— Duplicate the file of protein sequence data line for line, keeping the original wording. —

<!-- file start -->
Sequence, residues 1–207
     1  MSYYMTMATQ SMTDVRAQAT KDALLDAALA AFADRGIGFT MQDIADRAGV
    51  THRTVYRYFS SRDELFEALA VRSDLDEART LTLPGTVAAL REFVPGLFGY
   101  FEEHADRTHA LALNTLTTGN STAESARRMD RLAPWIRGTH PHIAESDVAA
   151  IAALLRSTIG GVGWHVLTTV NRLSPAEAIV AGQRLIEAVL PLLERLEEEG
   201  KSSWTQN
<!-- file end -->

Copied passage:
Sequence, residues 1–207
     1  MSYYMTMATQ SMTDVRAQAT KDALLDAALA AFADRGIGFT MQDIADRAGV
    51  THRTVYRYFS SRDELFEALA VRSDLDEART LTLPGTVAAL REFVPGLFGY
   101  FEEHADRTHA LALNTLTTGN STAESARRMD RLAPWIRGTH PHIAESDVAA
   151  IAALLRSTIG GVGWHVLTTV NRLSPAEAIV AGQRLIEAVL PLLERLEEEG
   201  KSSWTQN